When preparing for retirement, imagining the new lifestyle that awaits you can be exciting. From travel to family time to relaxation, a fulfilling retirement looks different to each individual.
Preparing for the quality of life you desire goes beyond simply ensuring you can support your daily costs and fulfill your dreams. You should address two other looming financial responsibilities: health care and elder care.
Read more to learn about how retirement planning is changing and what you need to know to stay prepared for your golden years.
We Are Living Longer
Thanks to medical advances, campaigns to create more awareness of healthy living, and other factors, retirees are living longer than ever before. In 1970, 10.3% of the total population (20.9 million people) lived to be 65 years old or older. By 2000, that number jumped to 12.4% (34.9 million people).
The trend continues. On average, a man turning 65 years old today can expect to live to 84.3 years old; meanwhile, on average, women turning 65 years old today can expect to live until 86.6.
Many people will have an even longer lifespan: About one of every four 65-year-olds today will live to be more than 90; and one of 10 can expect to live past 95 years old.
If you’re in good health, you need to prepare for your longer lifespan and the associated medical costs that come with older age.
Healthcare and Long-Term Care Costs Are Rising
Not only are we living longer but our healthcare costs are also increasing. Today’s average 65-year-old couple can expect to pay $300,000 (before inflation) on healthcare costs during retirement.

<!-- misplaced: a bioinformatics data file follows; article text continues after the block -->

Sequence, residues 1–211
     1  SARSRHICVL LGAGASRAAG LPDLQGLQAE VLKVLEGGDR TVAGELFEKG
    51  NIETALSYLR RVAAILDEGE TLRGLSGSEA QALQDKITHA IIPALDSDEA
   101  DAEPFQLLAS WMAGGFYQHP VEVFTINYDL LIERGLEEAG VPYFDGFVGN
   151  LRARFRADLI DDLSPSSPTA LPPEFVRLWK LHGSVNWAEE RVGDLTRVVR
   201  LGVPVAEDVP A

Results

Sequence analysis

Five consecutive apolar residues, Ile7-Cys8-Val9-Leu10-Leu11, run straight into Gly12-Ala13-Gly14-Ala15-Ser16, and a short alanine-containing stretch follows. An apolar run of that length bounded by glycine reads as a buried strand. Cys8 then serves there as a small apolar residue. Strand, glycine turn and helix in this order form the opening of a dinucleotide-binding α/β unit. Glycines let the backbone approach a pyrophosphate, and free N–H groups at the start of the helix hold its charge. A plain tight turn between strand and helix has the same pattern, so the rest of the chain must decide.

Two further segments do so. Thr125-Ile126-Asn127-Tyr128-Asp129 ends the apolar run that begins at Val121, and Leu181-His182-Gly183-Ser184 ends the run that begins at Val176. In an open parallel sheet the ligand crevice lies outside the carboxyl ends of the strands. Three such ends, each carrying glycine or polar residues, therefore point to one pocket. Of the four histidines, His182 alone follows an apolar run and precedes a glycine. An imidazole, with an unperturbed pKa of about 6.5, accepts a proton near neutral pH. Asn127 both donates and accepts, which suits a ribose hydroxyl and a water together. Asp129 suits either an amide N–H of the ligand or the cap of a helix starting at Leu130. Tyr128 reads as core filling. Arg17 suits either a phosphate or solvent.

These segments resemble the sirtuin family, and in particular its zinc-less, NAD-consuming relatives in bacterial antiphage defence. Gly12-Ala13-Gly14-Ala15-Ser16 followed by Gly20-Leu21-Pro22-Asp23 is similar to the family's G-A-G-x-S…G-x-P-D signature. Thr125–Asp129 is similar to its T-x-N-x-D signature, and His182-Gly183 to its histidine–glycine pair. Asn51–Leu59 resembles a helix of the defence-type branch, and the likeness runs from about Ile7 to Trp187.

This cost doesn’t include your long-term care financial needs.Here are some other essential facts:
- Retirees spend nearly a third on average of their Social Security benefits on out-of-pocket medical expenses.
- The average cost for non-medical home care is $20 per hour.
- A health aide charges $20.50 an hour.
- It costs $6,844 per month for a semi-room and $7,698 per month for a private room in a nursing home.
- Today’s average annual cost for assisted living care is $43,539.
Generally, a retiree’s Medicare and employer-sponsored insurance do not cover long-term care costs. Because of this, understanding the financial gap you have in your planning is critical.
Retirement Savings Shortfalls Are Hurting Us
While many people are making strides in preparing for retirement, we may not be saving enough money. The median 45-year-old male’s projected savings shortfall for retirement at 65 is $212,256; meanwhile, the median 45-year-old female’s projected savings shortfall is $268,404.
People are not fully preparing themselves for retirement. You should take an honest look if you have a retirement savings shortfall so you can create a strategy now to fill that gap.
So how do you do that?
You need to have an extended health care plan. The odds of having this kind of need are 50% for women and 33% for men. Some people choose to self-insure against this risk and pay for it out of their own pocket, if they need it. With the odds previously mentioned, those odds are higher than most like. What would happen if you had to stroke a check for $100,000 a year for three years? What if you and your spouse needed care and it cost $200,000 a year? How long could you afford to do that?